A few days ago I was called out to work on a HP CM4540 that was getting a 49 Service Error. The customer called me and explained that they had already tried to clear the error by turning the machine off then back on but the problem came back. I advised the customer to remove the communication cable and reboot the machine to see if the problem went away. Of course, it did, so I told the customer to delete all print jobs in the print queue and then try to print something simple like a windows test page. The next day I received another call that the problem was back and now would not go away. Continue reading
I was recently called out to work on one of a HP LaserJet M5025 multifunction printer (MFP) the other day, which had the 58.4 error happen over the weekend. When the customer came in Monday morning the error was on the screen. I recommend these steps to troubleshoot:
- Turn the machine off
- Make sure it is not plugged into a surge arrest, power strip, or battery back up
- Let it sit 20 to 30 minutes unplugged
- Plug it back in and try again.
If the problem still occurs then the next step is to Continue reading
I get lots of calls on the HP 9040 and 9050 models for random paper jams in the machine. Often times the customer informs me that the problems tend to happen first thing in the morning. After about a half hour fighting with the machine it starts working again, but with random paper jams every so often. The customer also notes that many times, when they get a paper jam, there are several sheets of paper stuck all over the machine so they have a hard time telling where the jam actually occurred.
The HP 9040 and 9050 machines are very sensitive in their timing. If the paper gets to certain parts of the machine a hair late it can result in a jam error (I’ve often wondered why HP made these machines so time sensitive). Anyway, I’ve seen surprisingly few problems with the paper pick up assembly other than broken paper sensor actuators. The feed rollers in these machines are well designed with plenty of rubber so they hardly ever cause feed issues.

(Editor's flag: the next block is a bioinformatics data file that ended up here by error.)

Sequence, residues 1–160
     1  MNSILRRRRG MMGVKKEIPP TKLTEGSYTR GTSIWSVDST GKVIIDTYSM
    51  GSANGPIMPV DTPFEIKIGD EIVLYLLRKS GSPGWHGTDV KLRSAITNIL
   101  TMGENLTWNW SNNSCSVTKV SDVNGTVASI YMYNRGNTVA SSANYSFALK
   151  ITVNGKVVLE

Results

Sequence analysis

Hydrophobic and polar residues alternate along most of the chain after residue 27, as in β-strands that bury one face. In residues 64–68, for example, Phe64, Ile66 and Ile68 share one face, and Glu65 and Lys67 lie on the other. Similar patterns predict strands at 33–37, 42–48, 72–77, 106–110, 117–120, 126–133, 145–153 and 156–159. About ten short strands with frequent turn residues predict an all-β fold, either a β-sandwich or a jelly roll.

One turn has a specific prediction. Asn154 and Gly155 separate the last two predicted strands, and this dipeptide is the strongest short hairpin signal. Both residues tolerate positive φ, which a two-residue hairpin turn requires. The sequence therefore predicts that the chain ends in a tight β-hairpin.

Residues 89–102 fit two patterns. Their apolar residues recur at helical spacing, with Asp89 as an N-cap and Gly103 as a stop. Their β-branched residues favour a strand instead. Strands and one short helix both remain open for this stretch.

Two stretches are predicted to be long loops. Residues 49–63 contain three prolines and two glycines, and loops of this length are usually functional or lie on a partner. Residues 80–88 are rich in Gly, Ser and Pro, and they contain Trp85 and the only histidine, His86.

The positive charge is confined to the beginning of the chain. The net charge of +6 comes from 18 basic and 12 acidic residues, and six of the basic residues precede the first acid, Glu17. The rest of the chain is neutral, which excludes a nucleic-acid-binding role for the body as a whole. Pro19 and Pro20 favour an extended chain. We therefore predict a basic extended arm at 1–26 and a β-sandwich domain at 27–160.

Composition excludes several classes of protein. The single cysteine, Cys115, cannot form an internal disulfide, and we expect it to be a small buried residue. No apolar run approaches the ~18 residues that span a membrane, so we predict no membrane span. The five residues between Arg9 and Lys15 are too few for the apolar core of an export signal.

Most of the paper jam problems are in the fusing unit.
The fuser pressure roller develops flat spots, which causes toner to build up on the hot roller and leads to paper sticking to and jamming Continue reading
Historically, businesses have purchased printers and used them until they expire, which can take 10 years or more in some cases (we know some of you still have Optra S devices from 1997 out there!). Yet, these same businesses are leasing other output devices, such as copiers and fax machines, and replacing them every three years. Why is there such a big difference in life-cycle strategy for such similar technologies?
Is it because copiers are thought to be inherently less reliable and require replacement much more frequently? Traditional copiers may have been less reliable, but the migration to digital printing engines brings them into a class that is much closer to printers, simply with added scanning mechanics on top. For example, Lexmark’s multifunction printers (MFPs), which can be used as digital copiers, are built upon the same reliable engines as our award-winning printers. So, the reliability of the mechanics in the MFP is similar to the printers, which may be used for many years. With that in mind, the recommended life span should be similar between MFPs and printers.
Several years ago, Lexmark engaged in a study with a large corporation to determine how often it should replace its printers. [Read the full article here]